Iran was conquered or liberated from the Persians by the Mongols militarily starting in 1219. Iran then became a legitimate part of the Mongol homeland. Tamerlane, who was part Mongol, also ran the place. All in all, the Mongol liberation of Persia lasted for two and a half centuries, not much different from the length of the period of Arab rule of “Palestine,” after which Iran was lost to Turkic tribes. I guess that means he Turks also have a legitimate claim to a homeland there!

      Now if the fact that some Arab armies once conquered the Land of Israel is thought to confer upon them rights of sovereignty and even statehood, why should not the Mongol conquest of Iran do the same? Besides, Iran was once a Mongol state, as recent as 550 years ago, whereas the last time the Land of Israel was an Arab Palestinian state was, well, never.

      Not only should Mongol rule be restored to Iran as the only legitimate rulers of the place, but these days the Mongols make far better neighbors than the ayatollahs. The Mongols have no nuclear plans and have never met with the pagans from the Neturei Karta. The Mongols would surely put the Persian Gulf petroleum to better use than the Holocaust Deniers in Iran these days, like developing yak milk production capacities.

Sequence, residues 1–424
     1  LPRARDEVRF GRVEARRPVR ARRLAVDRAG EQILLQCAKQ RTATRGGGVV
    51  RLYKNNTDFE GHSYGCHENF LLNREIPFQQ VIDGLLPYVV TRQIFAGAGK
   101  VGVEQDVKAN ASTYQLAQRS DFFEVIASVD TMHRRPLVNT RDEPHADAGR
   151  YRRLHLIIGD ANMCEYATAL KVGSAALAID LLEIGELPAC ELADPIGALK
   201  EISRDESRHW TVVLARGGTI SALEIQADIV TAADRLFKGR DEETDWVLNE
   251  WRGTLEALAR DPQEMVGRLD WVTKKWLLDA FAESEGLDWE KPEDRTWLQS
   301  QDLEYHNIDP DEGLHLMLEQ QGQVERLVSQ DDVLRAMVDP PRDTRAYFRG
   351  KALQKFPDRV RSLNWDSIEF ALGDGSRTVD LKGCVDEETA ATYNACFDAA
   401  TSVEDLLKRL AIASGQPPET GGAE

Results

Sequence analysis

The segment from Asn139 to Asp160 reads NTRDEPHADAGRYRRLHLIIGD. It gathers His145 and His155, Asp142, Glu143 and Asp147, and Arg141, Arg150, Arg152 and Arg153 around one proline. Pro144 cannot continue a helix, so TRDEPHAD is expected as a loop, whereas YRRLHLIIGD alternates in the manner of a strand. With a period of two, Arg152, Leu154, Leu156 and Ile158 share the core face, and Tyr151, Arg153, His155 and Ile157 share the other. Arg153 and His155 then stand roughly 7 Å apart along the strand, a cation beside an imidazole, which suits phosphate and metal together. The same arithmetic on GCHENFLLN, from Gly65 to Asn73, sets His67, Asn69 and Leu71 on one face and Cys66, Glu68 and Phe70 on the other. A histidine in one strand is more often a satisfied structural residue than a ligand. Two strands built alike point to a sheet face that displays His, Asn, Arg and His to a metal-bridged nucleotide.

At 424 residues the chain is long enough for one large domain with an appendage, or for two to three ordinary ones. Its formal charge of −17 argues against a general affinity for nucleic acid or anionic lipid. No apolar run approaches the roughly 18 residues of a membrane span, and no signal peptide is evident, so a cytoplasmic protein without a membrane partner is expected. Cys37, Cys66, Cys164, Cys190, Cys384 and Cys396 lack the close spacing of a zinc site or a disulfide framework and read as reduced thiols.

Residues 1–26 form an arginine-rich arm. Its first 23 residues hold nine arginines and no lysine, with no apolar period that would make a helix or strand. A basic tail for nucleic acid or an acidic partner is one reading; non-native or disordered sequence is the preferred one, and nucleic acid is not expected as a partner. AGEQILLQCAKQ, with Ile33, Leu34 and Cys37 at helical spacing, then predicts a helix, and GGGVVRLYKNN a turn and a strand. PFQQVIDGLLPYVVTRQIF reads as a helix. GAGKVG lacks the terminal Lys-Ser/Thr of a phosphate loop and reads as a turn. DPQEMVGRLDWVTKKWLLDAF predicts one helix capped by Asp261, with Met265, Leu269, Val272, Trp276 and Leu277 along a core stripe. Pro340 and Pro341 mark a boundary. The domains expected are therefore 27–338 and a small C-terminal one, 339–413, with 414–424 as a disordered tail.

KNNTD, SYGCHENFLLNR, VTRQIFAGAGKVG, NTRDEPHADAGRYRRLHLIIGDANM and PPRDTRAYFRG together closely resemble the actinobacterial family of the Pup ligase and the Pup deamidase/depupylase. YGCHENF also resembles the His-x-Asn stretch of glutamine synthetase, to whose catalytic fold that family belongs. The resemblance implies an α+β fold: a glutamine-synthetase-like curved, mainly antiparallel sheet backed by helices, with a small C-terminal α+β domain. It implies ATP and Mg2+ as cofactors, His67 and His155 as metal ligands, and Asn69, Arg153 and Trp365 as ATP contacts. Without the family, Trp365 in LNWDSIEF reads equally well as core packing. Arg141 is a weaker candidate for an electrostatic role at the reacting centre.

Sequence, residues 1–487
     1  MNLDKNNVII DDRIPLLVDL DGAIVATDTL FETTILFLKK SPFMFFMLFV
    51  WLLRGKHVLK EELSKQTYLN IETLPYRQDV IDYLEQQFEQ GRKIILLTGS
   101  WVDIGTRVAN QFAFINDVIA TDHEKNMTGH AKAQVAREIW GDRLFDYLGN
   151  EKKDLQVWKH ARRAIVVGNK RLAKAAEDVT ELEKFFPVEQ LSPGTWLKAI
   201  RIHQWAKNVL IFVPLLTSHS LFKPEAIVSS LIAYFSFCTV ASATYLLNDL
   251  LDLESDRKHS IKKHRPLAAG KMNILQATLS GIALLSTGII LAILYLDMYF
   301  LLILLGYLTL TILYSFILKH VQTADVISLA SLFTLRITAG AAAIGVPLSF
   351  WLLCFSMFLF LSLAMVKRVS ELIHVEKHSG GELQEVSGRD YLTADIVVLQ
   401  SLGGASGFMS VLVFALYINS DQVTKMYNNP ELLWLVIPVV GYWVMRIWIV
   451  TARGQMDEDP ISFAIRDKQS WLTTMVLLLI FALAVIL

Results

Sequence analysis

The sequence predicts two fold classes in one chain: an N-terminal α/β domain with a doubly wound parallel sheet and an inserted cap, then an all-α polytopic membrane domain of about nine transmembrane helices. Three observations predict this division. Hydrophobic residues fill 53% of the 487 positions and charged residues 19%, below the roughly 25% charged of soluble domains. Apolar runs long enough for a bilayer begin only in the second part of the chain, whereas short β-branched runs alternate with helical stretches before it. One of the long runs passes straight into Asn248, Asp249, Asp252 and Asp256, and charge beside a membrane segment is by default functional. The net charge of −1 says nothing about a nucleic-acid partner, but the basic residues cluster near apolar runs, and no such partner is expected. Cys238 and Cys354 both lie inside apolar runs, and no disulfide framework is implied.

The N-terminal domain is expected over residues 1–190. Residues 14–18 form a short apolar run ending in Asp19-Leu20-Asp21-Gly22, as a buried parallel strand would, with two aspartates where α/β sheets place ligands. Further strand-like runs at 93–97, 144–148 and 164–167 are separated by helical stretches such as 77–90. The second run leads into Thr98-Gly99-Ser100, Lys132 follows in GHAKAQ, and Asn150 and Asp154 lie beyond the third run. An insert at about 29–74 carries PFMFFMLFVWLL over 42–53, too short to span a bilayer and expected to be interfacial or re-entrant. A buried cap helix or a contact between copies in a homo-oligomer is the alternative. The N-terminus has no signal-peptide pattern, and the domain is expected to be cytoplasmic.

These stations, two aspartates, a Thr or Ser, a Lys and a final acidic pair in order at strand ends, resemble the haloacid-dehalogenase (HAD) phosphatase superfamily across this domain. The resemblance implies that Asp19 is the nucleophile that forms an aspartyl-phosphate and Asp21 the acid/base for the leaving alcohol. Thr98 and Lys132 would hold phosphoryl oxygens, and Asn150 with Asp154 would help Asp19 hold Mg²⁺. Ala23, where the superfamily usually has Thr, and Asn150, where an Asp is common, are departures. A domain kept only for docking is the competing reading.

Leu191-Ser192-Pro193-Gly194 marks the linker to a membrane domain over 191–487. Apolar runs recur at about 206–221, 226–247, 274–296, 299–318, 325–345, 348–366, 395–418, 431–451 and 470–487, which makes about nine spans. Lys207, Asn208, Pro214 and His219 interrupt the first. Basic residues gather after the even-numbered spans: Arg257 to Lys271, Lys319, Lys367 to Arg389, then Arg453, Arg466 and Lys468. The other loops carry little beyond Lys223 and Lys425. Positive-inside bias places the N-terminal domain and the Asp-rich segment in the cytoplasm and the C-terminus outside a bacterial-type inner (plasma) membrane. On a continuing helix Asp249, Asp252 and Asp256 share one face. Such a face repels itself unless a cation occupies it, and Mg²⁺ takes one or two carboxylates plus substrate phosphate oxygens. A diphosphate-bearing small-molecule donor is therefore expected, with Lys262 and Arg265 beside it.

So, I say, end the illegal occupation once and for all. Liberate Iran from the imperialist colonialist occupation of the Iranians! Restore it to its proper owners – the Mongols!


      • Since the area was all originally Egyptian, let’s call it even and return it to them, TexChem – that will solve the problem.

      • Warren Bonesteel says:

        I find it interesting that BF employs Augustinian sophism when attempting to ride what appears to be a favored hobby horse. If the Christians are so very evil and are so full of lies, why employ their methods of argumentation? It makes little sense, really. In a fashion, it still addresses the original topic, for today’s educational philosophy in America is primarily founded upon sophistry. As with Augustine’s exegsis and hermeneutics, the facts really do not matter. All that matters is winning the argument. i.e., forcing your views upon others primarily through the use of appeals to emotion. The use of sophistry is the use of the traditional power and control paradigm to attempt to exercise tyranny over others. The useage of Augustine’s sophism has permeated every aspect of modern global society – religious, secular, political, economic and scientific, from Marxist to self-described conservatives, most people use sophistry instead of the correct and traditional use of rhetoric, which employs reason, logic and facts.